As always, defense's No. 1 priority remains stopping run
By: Larry Mayer | Last Updated: 11/17/2010 1:48 PM
LAKE FOREST, Ill. – With third-string quarterback Tyler Thigpen expected to start Thursday night’s game in Miami, the Dolphins likely will rely even more than usual on their running game.
But that won’t change the defensive approach for the Bears, whose No. 1 priority is always to stop the run regardless of who they’re facing across the line of scrimmage.
“It doesn’t matter who’s the quarterback,” said middle linebacker Brian Urlacher. “We try to stop the run if we can and then put them in third-and-long if possible.”
“You’ve got to go out and try to make a team one-dimensional,” added defensive coordinator Rod Marinelli. “It doesn’t change much. You have to go out and try to do that.”
The Dolphins lost their top two quarterbacks to injuries in last Sunday’s win over the Tennessee Titans. Chad Pennington (shoulder) was placed on injured reserve, while Chad Henne (knee) was listed as doubtful on the injury report Wednesday after missing practice for the second straight day.
That leaves Thigpen, who completed 4 of 6 passes for 64 yards and one touchdown in relief of Pennington and Henne against the Titans. A four-year veteran from Coastal Carolina, Thigpen was traded to the Dolphins from the Kansas City Chiefs on Sept. 29, 2009.
Although Thigpen went 1-10 in the only starts of his NFL career with the Chiefs in 2008, he performed fairly well, throwing for 2,608 yards with 18 touchdowns, 12 interceptions and 76.0 passer rating, and running for three TDs as well.
“He played well when he was in Kansas City and played well last week when he got in the game,” Urlacher said. “He can move around a little bit. They’re athletic all over the place on offense. It’s a big challenge for us. Our defensive ends have to get up the field and keep him in the pocket.”
Urlacher doesn’t have very fond memories of playing the Dolphins. In fact, Miami is one of only two NFL teams the Bears have not defeated since he entered the league in 2000. (The Texans are the other).
The Dolphins are 2-0 in that span, thanks in part to a dominant running game. Ricky Williams set a record that has since been broken for the most yards rushing by a Bears opponent when he gained 216 in a Monday night victory in Miami in 2002. Then in 2006, Ronnie Brown ran for 157 yards at Soldier Field as the Dolphins gave the Bears their first loss after a 6-0 start.
“They pounded us last time,” Urlacher said. “[Brown] had a lot of yards and they beat us pretty good. We haven’t had a good history with them. We also played them on a Monday night and Ricky Williams rushed for 200-and-something yards. So we haven’t had good games against them in the past.”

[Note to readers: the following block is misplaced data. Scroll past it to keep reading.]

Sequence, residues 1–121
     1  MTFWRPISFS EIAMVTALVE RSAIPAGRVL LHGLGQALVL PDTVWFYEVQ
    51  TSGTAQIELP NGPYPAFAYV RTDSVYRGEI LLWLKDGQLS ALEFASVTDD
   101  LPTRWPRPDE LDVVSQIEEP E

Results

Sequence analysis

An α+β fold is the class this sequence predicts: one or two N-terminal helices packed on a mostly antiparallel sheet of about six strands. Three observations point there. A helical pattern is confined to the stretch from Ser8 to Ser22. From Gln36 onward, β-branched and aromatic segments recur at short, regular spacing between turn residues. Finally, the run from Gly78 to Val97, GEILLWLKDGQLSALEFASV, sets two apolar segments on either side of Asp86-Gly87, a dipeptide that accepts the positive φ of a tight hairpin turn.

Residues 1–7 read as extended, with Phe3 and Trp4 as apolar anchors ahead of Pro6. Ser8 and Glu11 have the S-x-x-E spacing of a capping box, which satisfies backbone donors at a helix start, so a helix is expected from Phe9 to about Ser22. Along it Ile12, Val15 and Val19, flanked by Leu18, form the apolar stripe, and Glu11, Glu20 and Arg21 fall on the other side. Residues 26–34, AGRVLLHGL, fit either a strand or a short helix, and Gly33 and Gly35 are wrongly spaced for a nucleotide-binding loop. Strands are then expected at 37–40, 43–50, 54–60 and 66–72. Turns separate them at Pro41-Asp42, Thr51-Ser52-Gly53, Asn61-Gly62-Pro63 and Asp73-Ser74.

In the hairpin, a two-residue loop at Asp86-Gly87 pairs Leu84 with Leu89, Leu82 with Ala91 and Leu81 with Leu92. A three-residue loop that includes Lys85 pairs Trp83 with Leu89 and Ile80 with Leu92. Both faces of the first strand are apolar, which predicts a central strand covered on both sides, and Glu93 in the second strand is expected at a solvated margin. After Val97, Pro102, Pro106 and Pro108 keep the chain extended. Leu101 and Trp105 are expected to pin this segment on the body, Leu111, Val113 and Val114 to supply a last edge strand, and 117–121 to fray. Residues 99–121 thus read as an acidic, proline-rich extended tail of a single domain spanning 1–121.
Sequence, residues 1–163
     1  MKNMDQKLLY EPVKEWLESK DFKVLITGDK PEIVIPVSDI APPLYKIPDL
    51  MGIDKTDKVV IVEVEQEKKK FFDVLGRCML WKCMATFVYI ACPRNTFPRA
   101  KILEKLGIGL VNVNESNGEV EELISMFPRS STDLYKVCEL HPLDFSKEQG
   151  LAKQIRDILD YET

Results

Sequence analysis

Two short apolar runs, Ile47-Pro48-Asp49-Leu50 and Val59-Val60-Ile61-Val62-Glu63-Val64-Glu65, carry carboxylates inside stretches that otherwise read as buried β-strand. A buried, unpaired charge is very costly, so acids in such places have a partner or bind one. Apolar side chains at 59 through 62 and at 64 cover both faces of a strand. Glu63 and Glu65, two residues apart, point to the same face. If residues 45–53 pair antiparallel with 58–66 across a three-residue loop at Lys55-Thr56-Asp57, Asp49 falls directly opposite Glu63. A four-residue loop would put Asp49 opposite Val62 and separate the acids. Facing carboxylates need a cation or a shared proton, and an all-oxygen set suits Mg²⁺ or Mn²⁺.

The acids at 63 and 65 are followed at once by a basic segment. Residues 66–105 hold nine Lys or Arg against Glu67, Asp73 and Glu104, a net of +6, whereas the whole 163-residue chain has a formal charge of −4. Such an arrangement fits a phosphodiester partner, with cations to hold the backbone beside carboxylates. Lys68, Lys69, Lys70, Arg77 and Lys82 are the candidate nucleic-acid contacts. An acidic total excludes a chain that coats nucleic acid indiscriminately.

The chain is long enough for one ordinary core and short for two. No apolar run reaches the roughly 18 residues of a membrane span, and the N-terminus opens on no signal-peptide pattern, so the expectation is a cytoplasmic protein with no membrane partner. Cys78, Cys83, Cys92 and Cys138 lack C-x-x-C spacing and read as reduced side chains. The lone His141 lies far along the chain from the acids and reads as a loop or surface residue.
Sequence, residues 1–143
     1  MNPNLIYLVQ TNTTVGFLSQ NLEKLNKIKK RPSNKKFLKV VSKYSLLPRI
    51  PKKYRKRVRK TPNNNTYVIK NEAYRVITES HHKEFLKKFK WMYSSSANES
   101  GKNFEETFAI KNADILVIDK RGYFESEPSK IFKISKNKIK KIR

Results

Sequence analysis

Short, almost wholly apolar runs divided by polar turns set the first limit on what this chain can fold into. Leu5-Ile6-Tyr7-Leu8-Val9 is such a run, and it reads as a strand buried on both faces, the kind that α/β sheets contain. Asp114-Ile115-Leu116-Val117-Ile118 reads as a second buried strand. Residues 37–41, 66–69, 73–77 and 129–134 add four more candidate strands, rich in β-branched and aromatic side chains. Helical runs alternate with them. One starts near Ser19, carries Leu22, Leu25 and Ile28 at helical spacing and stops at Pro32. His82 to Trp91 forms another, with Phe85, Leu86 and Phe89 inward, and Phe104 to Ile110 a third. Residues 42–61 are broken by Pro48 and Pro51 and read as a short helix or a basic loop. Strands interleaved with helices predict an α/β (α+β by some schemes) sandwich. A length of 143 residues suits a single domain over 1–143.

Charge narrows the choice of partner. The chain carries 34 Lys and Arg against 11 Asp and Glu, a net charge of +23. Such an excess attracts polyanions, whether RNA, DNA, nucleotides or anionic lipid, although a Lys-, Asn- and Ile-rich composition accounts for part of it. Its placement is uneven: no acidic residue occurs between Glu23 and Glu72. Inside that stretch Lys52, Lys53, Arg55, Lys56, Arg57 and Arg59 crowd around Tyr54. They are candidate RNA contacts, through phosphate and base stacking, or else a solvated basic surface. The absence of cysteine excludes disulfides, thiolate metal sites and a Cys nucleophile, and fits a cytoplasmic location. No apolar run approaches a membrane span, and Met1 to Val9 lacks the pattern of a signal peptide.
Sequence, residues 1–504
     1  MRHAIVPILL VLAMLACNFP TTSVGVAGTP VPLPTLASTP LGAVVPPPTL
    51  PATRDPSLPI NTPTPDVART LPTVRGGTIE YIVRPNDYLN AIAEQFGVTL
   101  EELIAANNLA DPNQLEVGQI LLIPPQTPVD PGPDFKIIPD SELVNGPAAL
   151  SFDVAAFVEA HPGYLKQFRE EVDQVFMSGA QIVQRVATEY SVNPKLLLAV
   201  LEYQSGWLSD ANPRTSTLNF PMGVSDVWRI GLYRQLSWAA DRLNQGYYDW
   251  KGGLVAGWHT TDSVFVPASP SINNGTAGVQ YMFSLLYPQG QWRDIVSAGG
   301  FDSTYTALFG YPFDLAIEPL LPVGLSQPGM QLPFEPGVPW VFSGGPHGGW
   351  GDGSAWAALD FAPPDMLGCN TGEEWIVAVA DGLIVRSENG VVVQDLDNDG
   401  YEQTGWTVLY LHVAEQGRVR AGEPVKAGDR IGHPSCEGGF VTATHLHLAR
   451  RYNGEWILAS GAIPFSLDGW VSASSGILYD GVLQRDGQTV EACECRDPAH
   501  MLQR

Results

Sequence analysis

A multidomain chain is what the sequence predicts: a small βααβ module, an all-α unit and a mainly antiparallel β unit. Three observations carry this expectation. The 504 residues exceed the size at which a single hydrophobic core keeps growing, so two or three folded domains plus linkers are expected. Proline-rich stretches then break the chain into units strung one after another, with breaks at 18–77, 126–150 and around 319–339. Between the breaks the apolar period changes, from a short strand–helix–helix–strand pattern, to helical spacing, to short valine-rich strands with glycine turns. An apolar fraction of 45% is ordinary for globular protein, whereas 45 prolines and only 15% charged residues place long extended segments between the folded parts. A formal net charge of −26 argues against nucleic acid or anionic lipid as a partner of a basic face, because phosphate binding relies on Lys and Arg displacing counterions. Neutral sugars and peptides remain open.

The Bears feel that they’ll have to contain the same two backs to win Thursday night. Brown (113 carries for 444 yards) and Williams (89-400) have combined to rush for 844 yards on 202 attempts this season.
“Those guys can definitely run downhill,” said safety Danieal Manning. “This is going to be a very physical game.”
With Thigpen expected to start, the Dolphins could operate quite a bit out of the Wildcat formation. In 29 regular-season games dating back to 2008, Brown has rushed for 640 yards and seven touchdowns on 118 carries out of the Wildcat. He has also completed 3 of 8 passes for 41 yards and two TDs.
“The key to stopping them is tackling the guy with the football,” Urlacher said. “Figure out where he’s going and go get it. If you read your keys, they’ll take you to the football in our defense. A lot of people see the Wildcat and freeze. We don’t; we get downhill. If we do that, we’ll be OK.
“They do a lot of different formations from the Wildcat, motioning, and they’ll put three or four running backs in there. So it’s just [about] reading our keys. We have a key on every play. If we read that key, we’ll get to the football.”
The Bears have performed exceptionally well on defense this season. They lead the NFL in takeaways and opponent passer rating and have permitted the second-fewest points in the league. The defense is tied for second in interceptions and ranks fourth in total yards, second in rushing yards and fourth in third-down efficiency.
“We’re playing fast,” Urlacher said. “That’s the No. 1 thing. We are getting to the football. You watch film, and there are nine or 10 guys at the football every play. That’s what you want to see as a defensive player.
“We are missing some tackles, but they get paid too. We’re going to miss tackles. We’re not getting a lot of sacks. But we are getting pressure on the quarterback, and we’re getting takeaways. Those are huge for us. If we keep getting those, we’re going to have a chance to win a lot of games.”
Late injury: Bears linebacker Pisa Tinoisamoa on Wednesday was ruled out of Thursday night's game with a knee injury, Tinoisamoa, who was limited to two games last season due to knee problems, has registered 46 tackles, four tackles-for-loss, one sack and one forced fumble this season.